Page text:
it should not. The bias voltage should come from the general supply to the Arduino - the same that is used as the reference voltage to the ADC. If that is 5 V, and you’re using 3.3 V for the bias, then that explains the 330.
If you temporarily connect A1 to the 3.3 V, what do you read? It should be 1023 or thereabouts, if it is 676 or so, that’s what you’ve done.
In that case you need unequal resistors, or bias off the 5 V supply, to make the bias voltage 2.5 V and the no-input count 511.

And have you read the “Use in North America” page? That might be useful to you.

Ha! You mean the library reads the main power supply for the Arduino? Then yes, That’s 5V, but I’m using the 3.3V out of the UNO for the circuit because eventually I will be using a ESP8266 that is full 3.3V, I thought it would be a good idea :slight_smile: Did I get that right?

Now, I’m doing some measure comparison : orange comes from a laser counting the meter revolutions, green is the SCR-013-000 circuit.

When I turned the A/C on, I get a +1283W on orange, and +828W on the green. Is that a calibration issue? Am I actually measuring the same thing at the meter and at the clamp, or in other words, are we talking about the same “amps”.

Should I calibrate and try to get the same values, is that even possible or a waste of time?

Could that actually caused by the voltage difference between Arduino DC in and measure circuit?

I realize that’s a lot of question and I thank you guys for the patience with an electricity noob!

And so does the analogue input. And it is the reference voltage for the ADC. So everything you read on the analogue inputs is related to 1023 = 5 V.

Not really.
You need to check the design of the input circuitry. It could be that the input is clipping (because of the lower voltage swing available because the input is not biased at the mid-point).

If you’re designing for a 5 V supply (Arduino), you calculate the burden to give 1.6 V rms at your maximum current. If you’re designing for a 3.3 V supply, you want 1.1 V rms at max current. Those numbers take component tolerances into account and leave a bit of headroom.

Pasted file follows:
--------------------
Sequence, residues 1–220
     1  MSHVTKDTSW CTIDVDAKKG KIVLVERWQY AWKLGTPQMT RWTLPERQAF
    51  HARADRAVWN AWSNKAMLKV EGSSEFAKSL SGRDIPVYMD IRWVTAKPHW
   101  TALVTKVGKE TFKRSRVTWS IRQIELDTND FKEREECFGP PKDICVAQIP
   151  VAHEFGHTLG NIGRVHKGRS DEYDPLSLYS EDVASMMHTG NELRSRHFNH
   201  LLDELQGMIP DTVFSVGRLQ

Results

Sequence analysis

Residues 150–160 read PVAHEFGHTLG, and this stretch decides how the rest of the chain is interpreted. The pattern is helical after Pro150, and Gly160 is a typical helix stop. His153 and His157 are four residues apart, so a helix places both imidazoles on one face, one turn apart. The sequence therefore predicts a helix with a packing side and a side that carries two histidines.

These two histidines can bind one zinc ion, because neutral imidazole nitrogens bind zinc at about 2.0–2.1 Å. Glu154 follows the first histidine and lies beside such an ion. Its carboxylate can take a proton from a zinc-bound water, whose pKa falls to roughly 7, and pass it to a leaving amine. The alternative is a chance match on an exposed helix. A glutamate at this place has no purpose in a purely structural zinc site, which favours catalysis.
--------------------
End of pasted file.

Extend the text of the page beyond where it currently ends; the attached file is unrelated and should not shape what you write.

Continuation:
I think you need to show all your design calculations, because it looks as if you are in a complete mess.

Also, bear in mind that your meter almost certainly reads real power, your Arduino will only be able to guess apparent power based on your estimate of the system voltage and an assumption that the power factor of your load is 1.0 (it won’t be with induction motors etc running).

Ok I’m waiting for the Wemos to arrive, I’ll go back to the drawing board then. I did the math considering a 3.3V circuit, so indeed my understanding is that A1 is getting less than expected capped at 1.1V + (3.3/2) = 2.75, that would explain that, applying a 1.51 factor to the numbers on my graph, I’m almost aligned as you can see :


As you said, the voltage will probably vary and what is 124V today might be different tomorrow.

It doesn’t seem like I’m capping as I couldn’t get any plateau, up or down, if I’m capping indeed, that would be at values I’m not reaching (even unplugged, I get some noise more than zero).

For the record, that was my calculation :

Ideal burden resistance
= (AREF/2) / Secondary peak-current
= 1.5 V / 0.0500 A
= 45.04 Ω

Now I can see 1.5 should actually be 1.65, so :

Ideal burden resistance
= (AREF/2) / Secondary peak-current
= 1.65 V / 0.0500 A
= 33 Ω

The final montage will be based on a Wemos D1 mini pro and a ADS1115 A/D converter that is more analog and higher resolution, I’ll have to check how the library deals with that then :smiley:

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That won’t happen. I said ‘clipping’, and it will happen on the negative half of what is supposed to be a sine wave. As it starts to clip, the negative half will gain a flat bottom, but the positive half will keep going. The rms value will no longer change linearly compared to before clipping started, but it will continue to increase in a complicated way. If you want to experiment, make a spreadsheet with one cycle of a sine wave made up of about 90 points, put a limit on the negative going values, and calculate the rms value and watch how that changes as you change the amplitude.